Australia21 has welcomed today’s warning by UN Secretary-General Antonio Guterres that the world must take action in the next two years to avert the disastrous consequences of reaching the point of no return on climate change.
“Climate change is the defining issue of our time — and we are at a defining moment,” Mr Guterres said in an address at UN headquarters in New York.
“If we do not change course by 2020, we risk missing the point where we can avoid runaway climate change, with disastrous consequences for people and all the natural systems that sustain us.”
In the hard hitting speech, Mr Guterres said that climate change “is moving faster than we are – and its speed has provoked a sonic boom SOS across our world.”
He called for leadership by politicians, business, science and the public everywhere, to do what is needed.
“The time for ambitious climate action is now.”
Mr Guterres said we stand at an existential crossroad and need to muster the full force of human ingenuity to avoid catastrophe. He branded claims that tackling climate change is too expensive and could harm economic growth as ‘hogwash’, usually from vested interests.
“In fact, the opposite is true. We are experiencing huge economic losses due to climate change,” he said.
Disastrous failure of political leadership in Australia
Welcoming his comments, Emeritus Professor Bob Douglas, Convenor of the Australia21 Existential Threats project and Humans for Survival, urged all of Australia’s political leaders to read the Secretary General’s speech and act immediately to curb carbon emissions before the 2020 deadline.
“We are witnessing a disastrous failure of political leadership on this issue, one which threatens the very future of human civilisation and which could ruin life expectancy for our own children,” said Professor Douglas.
“It is quite extraordinary that these matters are not engaging our political leaders nor the Australian media in the way that they deserve.”
The remarkable statement from the UN complements statements made recently by the Pope and by many scientific bodies, and Professor Douglas said it should come as a wake up call to all Australians.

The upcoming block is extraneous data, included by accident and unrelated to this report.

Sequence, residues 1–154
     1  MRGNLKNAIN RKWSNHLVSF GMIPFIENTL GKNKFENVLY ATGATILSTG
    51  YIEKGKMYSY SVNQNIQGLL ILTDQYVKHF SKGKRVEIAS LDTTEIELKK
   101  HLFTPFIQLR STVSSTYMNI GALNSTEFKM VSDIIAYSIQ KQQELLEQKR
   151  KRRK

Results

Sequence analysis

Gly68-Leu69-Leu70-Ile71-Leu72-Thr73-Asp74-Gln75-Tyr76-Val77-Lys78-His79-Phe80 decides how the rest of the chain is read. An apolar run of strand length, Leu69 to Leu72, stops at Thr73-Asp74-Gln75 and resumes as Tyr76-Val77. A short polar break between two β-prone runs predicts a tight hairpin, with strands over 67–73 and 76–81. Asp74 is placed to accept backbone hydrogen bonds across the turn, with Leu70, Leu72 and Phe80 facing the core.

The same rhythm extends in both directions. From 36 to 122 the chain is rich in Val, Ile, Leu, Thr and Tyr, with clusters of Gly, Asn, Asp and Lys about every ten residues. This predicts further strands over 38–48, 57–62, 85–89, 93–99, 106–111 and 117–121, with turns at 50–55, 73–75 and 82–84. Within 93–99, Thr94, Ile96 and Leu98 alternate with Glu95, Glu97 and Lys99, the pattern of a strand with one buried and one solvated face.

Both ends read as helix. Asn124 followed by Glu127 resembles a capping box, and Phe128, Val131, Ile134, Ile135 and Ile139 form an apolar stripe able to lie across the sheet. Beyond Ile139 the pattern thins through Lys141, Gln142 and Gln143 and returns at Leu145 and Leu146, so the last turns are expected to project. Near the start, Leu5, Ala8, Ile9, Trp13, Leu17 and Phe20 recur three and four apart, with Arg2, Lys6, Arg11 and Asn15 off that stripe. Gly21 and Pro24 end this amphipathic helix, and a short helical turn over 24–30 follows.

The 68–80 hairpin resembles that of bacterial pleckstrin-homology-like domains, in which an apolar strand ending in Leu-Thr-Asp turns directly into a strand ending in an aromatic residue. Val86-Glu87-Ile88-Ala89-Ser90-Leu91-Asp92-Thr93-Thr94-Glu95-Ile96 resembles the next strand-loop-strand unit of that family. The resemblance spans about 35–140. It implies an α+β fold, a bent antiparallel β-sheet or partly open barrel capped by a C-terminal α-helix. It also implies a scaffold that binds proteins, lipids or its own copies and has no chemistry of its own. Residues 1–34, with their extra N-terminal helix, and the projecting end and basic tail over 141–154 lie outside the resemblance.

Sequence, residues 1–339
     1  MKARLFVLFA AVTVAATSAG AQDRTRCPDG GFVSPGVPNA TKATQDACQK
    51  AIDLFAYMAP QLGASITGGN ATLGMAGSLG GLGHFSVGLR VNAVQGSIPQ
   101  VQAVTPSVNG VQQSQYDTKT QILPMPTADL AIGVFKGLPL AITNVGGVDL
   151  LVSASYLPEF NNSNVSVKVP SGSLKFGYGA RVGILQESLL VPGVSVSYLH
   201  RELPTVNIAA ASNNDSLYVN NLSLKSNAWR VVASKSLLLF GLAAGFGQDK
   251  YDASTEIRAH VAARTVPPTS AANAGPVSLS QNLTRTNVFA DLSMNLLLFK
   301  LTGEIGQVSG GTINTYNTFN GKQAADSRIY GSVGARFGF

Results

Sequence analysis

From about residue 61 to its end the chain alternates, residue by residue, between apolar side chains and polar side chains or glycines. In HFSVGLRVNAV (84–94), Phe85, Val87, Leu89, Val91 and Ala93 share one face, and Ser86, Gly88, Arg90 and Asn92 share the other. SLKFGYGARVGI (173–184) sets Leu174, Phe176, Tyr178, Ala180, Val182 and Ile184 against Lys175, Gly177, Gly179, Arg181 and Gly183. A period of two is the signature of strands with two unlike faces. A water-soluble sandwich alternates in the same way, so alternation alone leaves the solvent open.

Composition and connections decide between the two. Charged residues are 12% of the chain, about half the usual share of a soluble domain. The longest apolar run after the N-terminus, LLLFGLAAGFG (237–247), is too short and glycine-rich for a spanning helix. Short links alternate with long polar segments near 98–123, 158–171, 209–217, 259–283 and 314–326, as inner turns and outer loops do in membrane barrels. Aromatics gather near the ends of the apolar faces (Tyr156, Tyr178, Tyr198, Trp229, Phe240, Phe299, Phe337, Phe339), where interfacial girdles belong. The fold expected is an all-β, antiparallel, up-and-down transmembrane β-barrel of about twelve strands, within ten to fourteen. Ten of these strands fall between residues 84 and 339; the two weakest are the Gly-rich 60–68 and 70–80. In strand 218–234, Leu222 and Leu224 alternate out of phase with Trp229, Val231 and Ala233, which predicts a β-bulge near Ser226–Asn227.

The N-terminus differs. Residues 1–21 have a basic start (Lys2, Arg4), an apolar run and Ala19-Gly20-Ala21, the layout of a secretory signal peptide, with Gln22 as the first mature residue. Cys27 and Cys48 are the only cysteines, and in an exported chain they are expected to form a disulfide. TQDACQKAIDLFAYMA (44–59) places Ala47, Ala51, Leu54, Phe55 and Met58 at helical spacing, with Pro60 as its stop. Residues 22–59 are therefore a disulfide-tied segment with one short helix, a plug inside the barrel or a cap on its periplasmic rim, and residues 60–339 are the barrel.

“The speech refers to positive activities taking place in a number of countries — and of course fails to mention Australia, which is one of the highest per capita emitting countries in the world. We should be at the leading edge of ambitious mitigating action of the kind referred to in the speech.”
Australia21 has a long history of engagement in the climate change issue and in consideration of other related threats to human existence, and has recently developed a comprehensive website on the topic humansforsurvival.org, in collaboration with science communicator Julian Cribb and a group from the Australian National University Emeritus Faculty. It follows on from an ANU/Australia21 report, Pathways Past the Precipice: flourishing in a mega-threatened world.
‘Direct existential threat’ of climate change nears point of no return, warns UN chief
Dear friends of planet Earth, thank you for coming to the United Nations Headquarters today. I have asked you here to sound the alarm.
Climate change is the defining issue of our time — and we are at a defining moment. We face a direct existential threat. Climate change is moving faster than we are — and its speed has provoked a sonic boom “SOS” across our world. If we do not change course by 2020, we risk missing the point where we can avoid runaway climate change, with disastrous consequences for people and all the natural systems that sustain us. That is why, today, I am appealing for leadership — from politicians, from business and scientists, and from the public everywhere. We have the tools to make our actions effective. What we still lack — even after the Paris Agreement — is the leadership and the ambition to do what is needed.
Let there be no doubt about the urgency of the crisis. We are experiencing record‑breaking temperatures around the world. According to the World Meteorological Organization, the past two decades included 18 of the warmest years since 1850, when records began. This year is shaping up to be the fourth hottest.
Extreme heatwaves, wildfires, storms and floods are leaving a trail of death and devastation. Last month the state of Kerala in India suffered its worst monsoon flooding in recent history, killing 400 people and driving 1 million more from their homes. We know that Hurricane Maria killed almost 3,000 people in Puerto Rico last year, making it one of the deadliest extreme weather disasters in United States history. Many of those people died in the months after the storm because they lacked a